"Well, that's everyone accounted for now," she said. "Seven fatalities, but it could have been a lot worse. We've got eleven casualties needing hospitalisation – would you be able to take them for us?"

Scott nodded. "Of course. All part of the service." He touched a button on Mobile Control. "Calling Excavator. Got a young lady here who needs you to do an ambulance run for her. Any idea how much longer you'll be, Virg?"

Virgil's voice issued from the speaker, over the sound of heavy engines. "Just finishing shoring up this levee, Scott. Another ten minutes should do it. I'll let you know when I'm back at TB2."


Scott looked at Liz, who nodded to show that she had heard. "I know you must have heard this a hundred times before, but we are so grateful for your help here today. I'm sure the casualties would have been a lot worse without you."

Scott gave a sheepish grin. He always found this part of a rescue to be embarrassing. They did their job, heck, they even got a kick out of doing it most of the time, and people still wanted to thank them. "Glad we could help" was all he could think to say.

Liz looked down "And of course, we have to give a big thank-you to you as well." The dog looked up at her, his tail thumping the ground.

Liz glanced up at Scott. "Is it OK if I stroke him?"

Scott shrugged. "I'm sure he won't mind."

Liz bent forward and extended her hand for the dog to sniff. "What's his name?"

"Er, Sirius."

"Hallo, Sirius. You are a handsome fella, aren't you?" She crouched down beside him. "I love dogs. I've got two at home."

"Where's that?" asked Scott, watching as she stroked the dog's neck, running her fingers through the silky fur beneath his ears.

"Hobart, Tasmania. Well, it's my parents' home, really." She laughed as the dog licked behind her ear. "Hey, that tickles! I'll be seeing them all next month as my tour with the Red Cross ends then and I'm going back home. But they aren't as good-looking as you, gorgeous," she continued, looking the dog in the eye. She chuckled as he licked her face again.

Scott watched in amusement. "I think you've made a hit, there."

Virgil's voice cut in at this point. "I'm back at Two now. Have the patients sent over."

"FAB, on the way now."

Liz stood with reluctance. "OK, I'd better go and arrange the transfer. Thanks again for all your help." She gave the dog a last pat then turned and left.

Scott looked down at his companion. "Should I have asked her for her phone number?"

The dog looked up and grinned as only a dog can.


John opened one eye and glanced at the clock. It was still very early, but the rumbling in his stomach was not going to let him get back to sleep. He stood up, stretching to get all the kinks out of his back muscles, and turned towards the bedroom door. As he padded down the hallway in his bare feet he listened carefully, but could hear no signs of life from any of the other rooms.

He entered the kitchen and made his way over to the refrigerator. He stood with the door open for a moment, trying to decide what to eat, then reached past a plate of raw mince to retrieve a grapefruit from a bowl at the back of the shelf. He picked up a carton of orange juice in the other hand and turned to the workbench, closing the refrigerator behind him with his foot.

He was just slicing up the grapefruit when he heard footsteps coming up the path towards the outside door. The door opened and there was a laugh.

"Morning, Johnny-boy. You'd better be careful Grandma doesn't catch you going around like that!"

John turned to see Scott standing in the doorway, his T-shirt streaked with sweat from his morning jog. He then glanced down at his own naked body and grinned. "Yeah, well, it's hard to get back in the habit, y'know?"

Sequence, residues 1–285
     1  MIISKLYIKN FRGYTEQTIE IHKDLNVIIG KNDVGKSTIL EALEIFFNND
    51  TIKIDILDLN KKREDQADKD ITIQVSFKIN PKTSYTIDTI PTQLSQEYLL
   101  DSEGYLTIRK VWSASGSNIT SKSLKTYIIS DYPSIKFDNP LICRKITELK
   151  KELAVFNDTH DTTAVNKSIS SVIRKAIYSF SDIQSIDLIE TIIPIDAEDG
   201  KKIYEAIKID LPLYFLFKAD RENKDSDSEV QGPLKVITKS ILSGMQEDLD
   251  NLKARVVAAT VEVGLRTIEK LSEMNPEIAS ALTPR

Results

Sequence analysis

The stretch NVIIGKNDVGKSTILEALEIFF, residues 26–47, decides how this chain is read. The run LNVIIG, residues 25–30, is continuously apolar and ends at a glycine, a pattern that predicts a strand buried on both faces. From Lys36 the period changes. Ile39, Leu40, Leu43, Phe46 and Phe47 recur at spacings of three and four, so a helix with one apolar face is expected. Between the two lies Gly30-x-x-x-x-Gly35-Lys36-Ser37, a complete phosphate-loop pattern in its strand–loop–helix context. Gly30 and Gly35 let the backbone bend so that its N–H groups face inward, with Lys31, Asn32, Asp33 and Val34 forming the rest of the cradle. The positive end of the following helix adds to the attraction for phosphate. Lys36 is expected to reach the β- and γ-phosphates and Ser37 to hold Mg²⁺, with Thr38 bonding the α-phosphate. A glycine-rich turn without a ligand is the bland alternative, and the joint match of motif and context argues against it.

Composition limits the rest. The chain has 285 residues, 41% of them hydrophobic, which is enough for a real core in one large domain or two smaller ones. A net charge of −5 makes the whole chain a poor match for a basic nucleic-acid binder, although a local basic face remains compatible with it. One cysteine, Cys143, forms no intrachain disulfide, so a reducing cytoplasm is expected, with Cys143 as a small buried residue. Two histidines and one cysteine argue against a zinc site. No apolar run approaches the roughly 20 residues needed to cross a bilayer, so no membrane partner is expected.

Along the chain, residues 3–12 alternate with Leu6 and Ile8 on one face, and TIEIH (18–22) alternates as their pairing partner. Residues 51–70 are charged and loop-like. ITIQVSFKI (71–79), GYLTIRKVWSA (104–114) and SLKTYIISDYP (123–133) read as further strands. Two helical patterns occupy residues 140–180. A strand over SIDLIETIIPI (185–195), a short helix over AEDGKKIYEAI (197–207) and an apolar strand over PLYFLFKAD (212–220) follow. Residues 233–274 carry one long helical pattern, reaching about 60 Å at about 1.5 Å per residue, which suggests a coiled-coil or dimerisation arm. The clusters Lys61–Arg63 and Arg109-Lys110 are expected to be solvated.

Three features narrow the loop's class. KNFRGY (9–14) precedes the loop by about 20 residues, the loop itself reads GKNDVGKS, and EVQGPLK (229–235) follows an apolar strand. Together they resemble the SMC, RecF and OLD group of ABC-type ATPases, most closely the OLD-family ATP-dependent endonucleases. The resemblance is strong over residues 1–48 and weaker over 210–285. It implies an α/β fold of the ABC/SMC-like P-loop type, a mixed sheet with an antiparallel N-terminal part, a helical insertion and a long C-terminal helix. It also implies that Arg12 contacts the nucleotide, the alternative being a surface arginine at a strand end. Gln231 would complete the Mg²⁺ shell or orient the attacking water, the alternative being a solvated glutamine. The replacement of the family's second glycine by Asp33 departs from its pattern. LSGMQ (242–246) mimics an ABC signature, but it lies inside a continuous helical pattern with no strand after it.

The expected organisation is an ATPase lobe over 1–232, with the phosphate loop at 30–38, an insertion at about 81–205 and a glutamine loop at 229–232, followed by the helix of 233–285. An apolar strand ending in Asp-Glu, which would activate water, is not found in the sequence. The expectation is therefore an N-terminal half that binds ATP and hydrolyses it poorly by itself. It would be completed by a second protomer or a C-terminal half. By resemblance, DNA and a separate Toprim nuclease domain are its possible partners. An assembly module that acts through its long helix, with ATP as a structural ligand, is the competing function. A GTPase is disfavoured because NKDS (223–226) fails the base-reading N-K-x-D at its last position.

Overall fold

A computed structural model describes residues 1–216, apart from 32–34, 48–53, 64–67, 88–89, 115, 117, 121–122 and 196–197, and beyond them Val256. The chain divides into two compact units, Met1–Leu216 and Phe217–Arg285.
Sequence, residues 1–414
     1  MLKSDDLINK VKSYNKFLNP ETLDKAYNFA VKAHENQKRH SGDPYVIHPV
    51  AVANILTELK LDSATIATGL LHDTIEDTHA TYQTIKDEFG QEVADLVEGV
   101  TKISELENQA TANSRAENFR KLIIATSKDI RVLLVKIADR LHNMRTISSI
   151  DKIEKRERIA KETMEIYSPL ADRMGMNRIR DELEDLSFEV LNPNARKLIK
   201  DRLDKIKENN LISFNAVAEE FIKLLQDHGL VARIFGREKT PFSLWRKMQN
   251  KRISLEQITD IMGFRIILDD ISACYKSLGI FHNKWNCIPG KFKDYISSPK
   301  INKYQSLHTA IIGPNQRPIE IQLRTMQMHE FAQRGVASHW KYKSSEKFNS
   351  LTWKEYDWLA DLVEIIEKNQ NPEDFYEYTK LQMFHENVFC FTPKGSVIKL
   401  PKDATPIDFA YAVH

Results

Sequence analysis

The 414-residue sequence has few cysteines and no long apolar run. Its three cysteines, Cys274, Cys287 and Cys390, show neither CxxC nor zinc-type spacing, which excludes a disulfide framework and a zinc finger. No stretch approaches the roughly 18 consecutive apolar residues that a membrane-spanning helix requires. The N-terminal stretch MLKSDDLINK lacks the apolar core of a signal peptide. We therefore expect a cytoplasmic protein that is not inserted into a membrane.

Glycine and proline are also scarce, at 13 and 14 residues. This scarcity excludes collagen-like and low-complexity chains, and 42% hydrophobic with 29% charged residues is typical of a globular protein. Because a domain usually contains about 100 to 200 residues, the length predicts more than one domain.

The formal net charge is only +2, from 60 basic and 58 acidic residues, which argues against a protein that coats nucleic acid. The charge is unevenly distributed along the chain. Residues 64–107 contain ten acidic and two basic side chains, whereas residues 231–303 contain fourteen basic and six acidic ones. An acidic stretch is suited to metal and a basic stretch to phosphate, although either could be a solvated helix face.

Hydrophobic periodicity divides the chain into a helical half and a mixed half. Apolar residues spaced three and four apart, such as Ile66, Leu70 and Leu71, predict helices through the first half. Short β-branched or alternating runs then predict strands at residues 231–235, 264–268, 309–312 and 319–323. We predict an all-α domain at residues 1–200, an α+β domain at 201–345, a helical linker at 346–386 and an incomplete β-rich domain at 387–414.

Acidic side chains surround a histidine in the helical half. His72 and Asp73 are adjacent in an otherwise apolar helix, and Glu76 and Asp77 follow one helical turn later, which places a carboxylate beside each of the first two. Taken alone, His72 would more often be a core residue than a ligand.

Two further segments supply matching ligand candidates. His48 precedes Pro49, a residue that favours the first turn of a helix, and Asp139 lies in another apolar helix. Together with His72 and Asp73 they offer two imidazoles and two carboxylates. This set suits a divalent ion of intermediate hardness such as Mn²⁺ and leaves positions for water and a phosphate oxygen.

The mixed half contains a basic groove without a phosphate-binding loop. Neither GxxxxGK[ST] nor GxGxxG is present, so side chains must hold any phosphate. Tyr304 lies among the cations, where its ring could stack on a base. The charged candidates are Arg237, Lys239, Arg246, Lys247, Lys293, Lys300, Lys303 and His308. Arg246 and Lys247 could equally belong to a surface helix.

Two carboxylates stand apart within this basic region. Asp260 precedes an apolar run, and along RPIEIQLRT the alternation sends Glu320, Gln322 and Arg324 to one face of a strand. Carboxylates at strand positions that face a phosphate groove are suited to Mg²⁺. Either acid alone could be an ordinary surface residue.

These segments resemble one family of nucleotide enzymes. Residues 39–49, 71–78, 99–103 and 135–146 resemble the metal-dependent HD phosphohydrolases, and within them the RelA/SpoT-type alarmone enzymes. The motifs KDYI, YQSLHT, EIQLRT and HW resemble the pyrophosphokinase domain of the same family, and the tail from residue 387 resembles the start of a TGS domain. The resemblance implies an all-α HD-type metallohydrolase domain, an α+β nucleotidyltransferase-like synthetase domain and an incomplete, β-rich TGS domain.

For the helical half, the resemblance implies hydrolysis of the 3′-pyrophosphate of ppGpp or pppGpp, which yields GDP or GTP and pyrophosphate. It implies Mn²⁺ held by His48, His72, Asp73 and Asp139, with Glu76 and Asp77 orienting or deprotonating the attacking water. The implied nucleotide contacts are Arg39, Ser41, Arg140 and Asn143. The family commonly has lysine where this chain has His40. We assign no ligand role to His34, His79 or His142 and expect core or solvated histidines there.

Scott grinned in reply. "I can imagine." He watched his blond brother spooning brown sugar on his grapefruit and continued, "I suppose you'll be wanting me to take you up to TB5 this afternoon?"

"Yes, please, if you're not too tired from yesterday."

Scott shook his head, "No, I'm fine. How about you?"

"Me? I'm feeling great." John held up the orange carton with an inquiring look, and at his brother's nod, poured two glasses and handed one over. "I'll call Alan later this morning to tell him we'll be coming." He picked up his glass and bowl and turned towards the door. "I'd better take these back to my room, just in case Grandma or Tin Tin are up early. I'll check on my emails while I eat. See you!"

John made it back to his room without encountering any other members of the family. He put his breakfast down on his desk and switched on the computer. While it was warming up he picked up a pile of blankets from the floor, rolled them up and stuffed them in the laundry basket.

It had been summer of the previous year that he and some old college friends had decided to go on a walking holiday in the Romanian mountains. They had enjoyed some lovely walks in the breath-taking scenery, and the weather had been kind to them. One day they had come back to their camp to find a stray dog sniffing around their food supplies. They had chased it off, but not before John had been given a nasty nip on the ankle. When he had developed a fever later that month, Brains had first suspected rabies, though the tests proved negative. It was only a couple of days later when the full symptoms appeared that they realised what had happened.

It had taken all John's considerable powers of persuasion to convince his father to let him stay on as a member of International Rescue. Really, there was not much difference now. He and Alan had to arrange their shifts by the lunar rather than the calendar month, so that he was always at home for every full moon. Alan grumbled at having to do a couple of days more than his fair share, but Alan always grumbled, so that was nothing new. And the advantage was that on occasions like yesterday, he was able to use his new skills for the benefit of International Rescue.

As John logged on to his emails, he idly wondered if it would be possible to trace Liz Donaghue. He rather liked the idea of meeting her again. She had smelt so good. He wondered if she would like him as much in human form as she had as a dog.